During the Saturday convention there were also many small children and babies even which was wonderful to see.

( Ben and baby Dylan )

I ran a workshop on Sunday in the Leeds Art Gallery. There were Gormley and Moore statues in the entrance, Goldsworthy and Perry peices on the way to the ladies room- We forget living so remote, the impact that great artworks can have, I never thought of Leeds as an arts centre, but it certainly seemed that way this weekend.

( Rich and Dave, the ever popular Futurequake booth babes )

The workshop was on Eco-mini comics- We’ve taken a box of old comics, paper & cardboard down, add stables, hole puncher, string , scissors and glue and some great and groovy little comic books got created- the participants all assuring me that they’d got lots of ideas for books to make at home. Result! You see, a blank piece of paper can be too intimidating to a young person, the act of making their own books, out of rubbish takes away the pressure and it becomes fun, which of course stimulates creativity and imagination. Using collage, existing words and pictures can be a starting point- all on a subconscious level. Grown-ups would do well to remember the ‘fun’ word too, never mind creative blocks, start doodling and cutting up old magazines, see what happens, never mind what for, why, does it look good or is it art? PLAY.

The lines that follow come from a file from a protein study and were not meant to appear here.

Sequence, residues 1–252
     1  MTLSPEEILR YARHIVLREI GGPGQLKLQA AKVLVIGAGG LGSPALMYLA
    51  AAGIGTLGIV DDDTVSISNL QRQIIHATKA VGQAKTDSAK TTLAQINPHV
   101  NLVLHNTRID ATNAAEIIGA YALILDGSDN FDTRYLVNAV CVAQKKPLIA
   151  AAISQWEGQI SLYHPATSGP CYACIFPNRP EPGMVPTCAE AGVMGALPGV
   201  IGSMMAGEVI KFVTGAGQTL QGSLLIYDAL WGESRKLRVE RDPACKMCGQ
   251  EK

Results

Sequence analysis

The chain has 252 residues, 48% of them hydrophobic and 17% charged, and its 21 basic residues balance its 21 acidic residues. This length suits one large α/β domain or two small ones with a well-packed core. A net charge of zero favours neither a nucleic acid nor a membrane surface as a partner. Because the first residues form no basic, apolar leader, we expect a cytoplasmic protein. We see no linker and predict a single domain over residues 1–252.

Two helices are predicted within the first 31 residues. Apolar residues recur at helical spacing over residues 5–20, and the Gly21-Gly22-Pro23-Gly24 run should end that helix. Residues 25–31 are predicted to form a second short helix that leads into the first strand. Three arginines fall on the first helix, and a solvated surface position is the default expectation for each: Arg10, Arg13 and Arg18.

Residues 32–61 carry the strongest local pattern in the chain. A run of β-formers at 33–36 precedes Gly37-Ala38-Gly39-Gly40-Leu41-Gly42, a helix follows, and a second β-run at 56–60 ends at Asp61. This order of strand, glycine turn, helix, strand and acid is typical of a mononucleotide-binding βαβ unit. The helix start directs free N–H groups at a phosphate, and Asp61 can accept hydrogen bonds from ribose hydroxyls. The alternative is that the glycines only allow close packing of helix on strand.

( eco mini-comics workshop in progress )

Which is what I did this weekend- many many thanks to the many folks that accompanied us in all our fun and those that organised Thought Bubble. We’ll be back!  ( and so will Hi-Ex in 2012! )